The hands-on approach is especially nice for photo editing. Lightroom supports individual adjustments for toning photos, but changing contrast also affects black levels and shadow detail, just as one example. Individual control dials make it easier to see how different adjustments work in conjunction with each other.

The dials also feel quite good. Detents provide some haptic feedback, and a press action zeroes out the adjustment. The physical buttons feel good too. Loupedeck’s first-generation keyboard had rather cheap-feeling keys, so it’s good to see better fit and finish here.

The large jog wheel is also solid. It turns smoothly, without any sort of rotation or drag, a plus for video editors who need to scrub through footage to find the right clip for an edit. For photo editing, I found the most useful function was for fine rotation—it’s a lot easier to make very small adjustments to your canvas with the wheel versus a mouse or trackpad.

My big complaint with the customization process, and Loupedeck’s software in general, is that it’s not very intuitive to use, and what you can or cannot do is not always apparent. Functions vary based on what workspace you’re using in your creative app—for Lightroom you’ll see different tools for the Library and Develop panels, for example. It can be hard to suss out what shows up where.

Loupedeck Software

I ran into this issue when trying to change the way the main jog wheel works along with image rotation. Tapping the R button on my keyboard, or using the Crop & Rotate icon on the Loupedeck’s display, switches the dial appropriately, but defaults to adjusting the crop size, rather than the rotation, out of the box. It’s quick to switch—you just need to tap the top half of the dial to switch to rotation—but I wanted to make it the default behavior.

I struggled finding the function in the configuration app on my own. Loupedeck’s support team offered up a solution and I got it working, but it exemplifies some of the shortcomings in the software. It’s easy enough to configure if you can find what you’re looking for, but if you want to change the way something very specific works, you may struggle to find it.

Loupedeck CT

Along with the learning curve, it makes the Loupedeck CT a little less than user-friendly when it comes to customization. You get a visual representation of the device, which helps, but it’s not always apparent what controls will show up in what software modes, and what menus nest into each other.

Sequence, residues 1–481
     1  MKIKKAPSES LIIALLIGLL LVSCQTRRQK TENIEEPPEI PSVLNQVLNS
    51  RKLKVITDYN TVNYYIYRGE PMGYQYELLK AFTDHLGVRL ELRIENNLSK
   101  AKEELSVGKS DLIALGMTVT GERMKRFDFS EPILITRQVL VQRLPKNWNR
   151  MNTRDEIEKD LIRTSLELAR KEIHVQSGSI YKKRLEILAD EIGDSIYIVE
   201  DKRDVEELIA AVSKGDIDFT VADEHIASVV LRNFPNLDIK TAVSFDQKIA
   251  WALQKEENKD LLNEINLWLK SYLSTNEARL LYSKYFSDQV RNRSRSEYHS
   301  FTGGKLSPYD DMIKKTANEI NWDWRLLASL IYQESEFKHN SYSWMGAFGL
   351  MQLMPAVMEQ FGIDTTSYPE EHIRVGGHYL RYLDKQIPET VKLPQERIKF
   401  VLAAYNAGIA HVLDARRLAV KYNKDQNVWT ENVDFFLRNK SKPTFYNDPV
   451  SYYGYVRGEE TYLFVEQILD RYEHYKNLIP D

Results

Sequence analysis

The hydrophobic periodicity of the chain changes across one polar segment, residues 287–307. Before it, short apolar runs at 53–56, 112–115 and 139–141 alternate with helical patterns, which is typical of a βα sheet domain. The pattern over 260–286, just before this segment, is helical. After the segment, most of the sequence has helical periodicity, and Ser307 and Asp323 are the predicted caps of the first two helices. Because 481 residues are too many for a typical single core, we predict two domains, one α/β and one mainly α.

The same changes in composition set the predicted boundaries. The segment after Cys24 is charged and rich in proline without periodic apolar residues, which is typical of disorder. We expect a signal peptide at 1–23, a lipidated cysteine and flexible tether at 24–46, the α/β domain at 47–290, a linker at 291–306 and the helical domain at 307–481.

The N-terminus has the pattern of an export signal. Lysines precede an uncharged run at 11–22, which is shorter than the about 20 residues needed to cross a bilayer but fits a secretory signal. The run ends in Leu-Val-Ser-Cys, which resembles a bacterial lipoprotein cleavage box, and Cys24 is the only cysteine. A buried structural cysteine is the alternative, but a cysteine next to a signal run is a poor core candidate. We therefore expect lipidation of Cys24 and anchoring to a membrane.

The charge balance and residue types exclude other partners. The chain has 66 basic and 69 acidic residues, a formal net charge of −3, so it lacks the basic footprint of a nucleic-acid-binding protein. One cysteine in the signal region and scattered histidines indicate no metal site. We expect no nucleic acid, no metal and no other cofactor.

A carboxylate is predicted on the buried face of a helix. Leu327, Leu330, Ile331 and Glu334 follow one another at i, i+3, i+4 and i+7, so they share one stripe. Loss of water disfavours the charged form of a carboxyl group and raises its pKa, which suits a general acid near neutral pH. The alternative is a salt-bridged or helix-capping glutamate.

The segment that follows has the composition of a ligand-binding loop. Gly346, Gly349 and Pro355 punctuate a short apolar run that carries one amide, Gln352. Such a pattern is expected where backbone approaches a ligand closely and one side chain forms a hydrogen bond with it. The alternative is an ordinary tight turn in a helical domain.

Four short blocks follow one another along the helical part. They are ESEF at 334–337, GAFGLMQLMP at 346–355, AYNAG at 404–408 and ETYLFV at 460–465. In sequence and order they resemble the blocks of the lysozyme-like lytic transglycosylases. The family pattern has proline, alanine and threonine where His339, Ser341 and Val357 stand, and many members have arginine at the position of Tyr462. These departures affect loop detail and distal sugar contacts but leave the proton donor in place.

There are some bugs and quirks too. The app isn’t great about letting you know if there’s an error—if you see a message at the bottom in red saying that it’s waiting to communicate with the CT, reboot. It’ll save some time and frustration.

A Better Loupedeck

The Loupedeck CT is a big step forward in design for the company. Its first-generation Loupedeck keyboard, and the modestly upgraded Loupedeck+ that followed, are a bit too large to be practical for many workstations.

A smaller footprint, the addition of touch controls, and quality buttons and dials come at a cost, though. At $549, the CT isn’t something you’re likely to pick up on a whim. If you love the idea of the console, and work in one of its natively supported apps, it can be something that speeds up your workflow and makes the time you spend staring at Adobe Creative Cloud apps a little more pleasant.

Loupedeck CT

You will have to deal with software that isn’t exactly easy to use, but that’s not a deal breaker. I’d like to see it be a little bit simpler, especially in terms of locating functions you’d like to tweak, but it’s by no means unusable, and for many the default settings will be absolutely fine.

are a few different devices like the Loupedeck CT out there. None quite match its functionality, which mixes touch, dial, and traditional key controls into one device. You pay for it—the CT is more than twice the price of the Loupedeck+ ($249) and TourBox ($169)—but you may find its feature set worthwhile.

There’s still room for improvement. The hardware includes Bluetooth, even though it’s not yet utilized, and there’s certainly room to make the software a easier to navigate. In the meantime, I’m just happy to have hot key access to my favorite Lightroom presets and dial-based adjustments to tone photos to taste.

Loupedeck CT Specs

Number of Keys 20
Interface USB-C
Key Backlighting Single-Color
Media Controls Dedicated
Onboard Profile Storage Yes
Passthrough Ports None
Palm Rest None